O’Grady admits that she knew what she was getting into when she bought her home near the airpark six years ago.

‘‘Most of the residents moved in under the assumption that this airport was small, but with the increased traffic at the airport, this is an accident waiting to happen. Our main concern is safety,” O’Grady said.

Miller said some residents are using ‘‘scare tactics” in describing false scenarios of what the airport will become.

‘‘I think there is a core group [of residents] that doesn’t like the airpark, and they tend to come out and express that opinion in different ways,” he said. ‘‘I think all these items [issues] have been around for several years. I just think these are residents who will always complain.”

What has been around — and will be around for at least two more years — are plans to increase the buffer zone around the airport’s 4,200-foot runway. In 2002, the Federal Aviation Administration, which regulates the airpark, updated the airport’s Runway Protection Zone requirement and gave the Revenue Authority at least $30 million to acquire surrounding businesses — including Sanford Kramer Plumbing, Heating and Air and a state emissions testing center — and to update its landing strip lights, lower the road running alongside the runway and help displaced businesses relocate. About $1.4 million has been earmarked to buy a lot directly across from the landing strip.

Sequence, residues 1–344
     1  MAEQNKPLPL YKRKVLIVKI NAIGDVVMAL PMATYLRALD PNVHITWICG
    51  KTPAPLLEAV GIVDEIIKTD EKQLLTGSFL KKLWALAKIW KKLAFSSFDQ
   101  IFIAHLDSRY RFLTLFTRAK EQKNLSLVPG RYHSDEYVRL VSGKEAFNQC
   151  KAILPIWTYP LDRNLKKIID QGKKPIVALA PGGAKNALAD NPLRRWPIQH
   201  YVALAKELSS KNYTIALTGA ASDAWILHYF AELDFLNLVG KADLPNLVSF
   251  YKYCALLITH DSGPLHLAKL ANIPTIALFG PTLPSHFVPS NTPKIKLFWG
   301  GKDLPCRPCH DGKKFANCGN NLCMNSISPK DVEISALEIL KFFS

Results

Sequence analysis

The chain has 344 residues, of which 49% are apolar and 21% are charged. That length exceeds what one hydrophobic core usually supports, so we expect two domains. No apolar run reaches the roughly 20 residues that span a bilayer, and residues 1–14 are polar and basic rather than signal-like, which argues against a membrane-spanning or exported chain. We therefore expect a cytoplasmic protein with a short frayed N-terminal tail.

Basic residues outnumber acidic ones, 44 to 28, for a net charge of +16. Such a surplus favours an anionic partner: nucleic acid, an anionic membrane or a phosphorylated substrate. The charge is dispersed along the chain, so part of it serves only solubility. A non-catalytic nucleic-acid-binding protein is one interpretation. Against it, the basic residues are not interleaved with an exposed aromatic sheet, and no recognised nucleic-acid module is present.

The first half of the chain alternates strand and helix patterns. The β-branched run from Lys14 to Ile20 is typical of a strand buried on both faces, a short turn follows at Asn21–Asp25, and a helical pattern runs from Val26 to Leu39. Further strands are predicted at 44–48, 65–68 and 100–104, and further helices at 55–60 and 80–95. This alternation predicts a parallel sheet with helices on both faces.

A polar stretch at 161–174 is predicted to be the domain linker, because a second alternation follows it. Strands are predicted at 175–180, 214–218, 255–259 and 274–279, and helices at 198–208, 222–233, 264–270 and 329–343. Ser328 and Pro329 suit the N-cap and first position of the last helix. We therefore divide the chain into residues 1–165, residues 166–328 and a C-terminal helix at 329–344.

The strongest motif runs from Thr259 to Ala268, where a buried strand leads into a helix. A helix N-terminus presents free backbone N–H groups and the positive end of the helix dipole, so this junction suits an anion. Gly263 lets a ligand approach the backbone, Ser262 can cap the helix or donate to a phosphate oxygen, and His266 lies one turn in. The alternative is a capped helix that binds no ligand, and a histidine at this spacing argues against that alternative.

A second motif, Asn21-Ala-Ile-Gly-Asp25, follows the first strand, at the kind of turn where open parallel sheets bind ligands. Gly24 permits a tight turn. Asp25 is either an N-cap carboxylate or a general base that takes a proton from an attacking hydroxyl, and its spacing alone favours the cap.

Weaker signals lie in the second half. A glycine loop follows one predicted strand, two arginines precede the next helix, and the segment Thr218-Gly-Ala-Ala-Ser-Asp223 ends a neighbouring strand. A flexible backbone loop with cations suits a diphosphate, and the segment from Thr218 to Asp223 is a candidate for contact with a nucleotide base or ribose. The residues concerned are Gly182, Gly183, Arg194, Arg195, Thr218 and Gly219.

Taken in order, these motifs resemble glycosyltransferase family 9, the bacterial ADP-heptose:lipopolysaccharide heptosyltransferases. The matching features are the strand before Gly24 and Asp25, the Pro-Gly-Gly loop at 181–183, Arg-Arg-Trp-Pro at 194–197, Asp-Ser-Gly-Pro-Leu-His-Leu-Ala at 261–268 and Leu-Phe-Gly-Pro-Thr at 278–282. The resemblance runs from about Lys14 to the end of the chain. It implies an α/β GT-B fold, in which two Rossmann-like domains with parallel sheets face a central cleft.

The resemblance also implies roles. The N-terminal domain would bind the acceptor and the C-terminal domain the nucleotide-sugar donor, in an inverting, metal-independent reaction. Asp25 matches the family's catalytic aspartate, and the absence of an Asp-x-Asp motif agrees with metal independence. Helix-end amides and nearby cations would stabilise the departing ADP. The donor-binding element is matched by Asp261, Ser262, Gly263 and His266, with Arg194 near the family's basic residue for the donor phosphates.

Maryland Vehicle Administration officials said plans are in the beginning stages for the emissions center to close in 2009. It is still uncertain whether the center will be moved or whether other test stations will be expanded.

‘‘Everyone keeps saying this is an expansion. There is no expansion,” said airport manager John Luke III. ‘‘Our runway will not be any longer. If we wanted to bring in larger planes, we would need to extend our runway, and we’re not doing that.”

Sometime later, Luke said, the airport may develop up to seven acres for more airplane hangars.

Whether actual or perceived, upset residents say the increased safety zone is a gateway to more air traffic.

‘‘It’s a trend that these general aviation airports open in far-out areas, and then things change and the airport is once again in the center of a booming population center,” said Brian Benhaim, a East Village resident who moved into his home in 1994 and whose commentary has been printed by The Gazette. ‘‘If you do the homework, you find that there is not a real economic benefit to the county. Another project like an office building or something else could provide even more economic benefit to the county.”